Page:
Bordeaux Wine Classifications

Tuesday, August 21st, 2007 at 12:00 am

The Bordeaux region in France is only the second largest wine-growing area in the world but the wine it produces is known as the best in the world. With 284,320 acres of wine producing lands, more than 700 million bottles of Bordeaux wine are being produced annually. With the sheer volume of production, it is only natural that more than 50 appellations of Bordeaux wine came to be born.

However, classifying Bordeaux wines began only in 1855. It was Emperor Napoleon III who requested a classification during the 1855 Exposition Universelle de Paris. The intention was to create a classification system where ordinary folks can discern the different kinds of Bordeaux wine beyond looking at labels and comparing prices. This request from Napoleon III resulted to the release of the Bordeaux Wine Official Classification of 1855.

Although, not all Bordeaux wines were classified. They only included in the classification the 61 of the leading Medoc châteaux, the most known fo the Graves châteaux Haut-Brion, and the Sauternes and Barsac wines. It was the Bordeaux Chamber of Commerce whop issued the order.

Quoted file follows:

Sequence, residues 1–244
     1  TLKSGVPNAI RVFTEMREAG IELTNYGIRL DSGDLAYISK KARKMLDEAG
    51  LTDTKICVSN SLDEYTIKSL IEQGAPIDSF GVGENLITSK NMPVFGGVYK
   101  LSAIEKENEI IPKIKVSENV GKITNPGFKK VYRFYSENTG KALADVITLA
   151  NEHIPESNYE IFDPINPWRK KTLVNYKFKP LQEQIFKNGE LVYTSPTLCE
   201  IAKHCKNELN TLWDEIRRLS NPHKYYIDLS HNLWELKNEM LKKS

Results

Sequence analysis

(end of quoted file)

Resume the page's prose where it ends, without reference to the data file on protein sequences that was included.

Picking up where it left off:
The 1855 Bordeaux Wine Classification differentiated the wines according to their importance from first to fifth growths also known as Crus. The ranking is based on the wine’s quality, historical achievement, and market value.

The First Growths or the Premiers Crus are: Chateau Lafite-Rothschild (Pauillac), Château Margaux (Margaux), Château Latour (Pauillac), Château Haut-Brion (Pessac-Leognan), and Château Mouton-Rothschild (Pauillac).

The classification has been amended thrice. First was in 1856 when Château Cantemerle was added as a fifth growth. The other was in 1973, when Château Mouton Rothschild was elevated from a second growth to a first growth vineyard. It was also during this time that they decided to list the first growth or Premeir Crus in alphabetical order. The third amendment included the classification of St-Émilion which was formally established in 1955.

Some experts argue that the Bordeaux Wine Classification of 1855 is too outdated and needs to be re-organized or even abandoned. Since that time, there have been several instances where wineries have expanded and shrunk, where wines’ quality have degraded, their selling price and overall reputation have gone bad, and yet no reclassification was done.

Nevertheless, despite its criticisms the 1855 Classification system is still in place. The other good wines from Bordeaux that were never part of the 1855 classification were given the rank of Cru Bourgeois. This classification system is different from the Bordeaux system in such that it is updated regularly.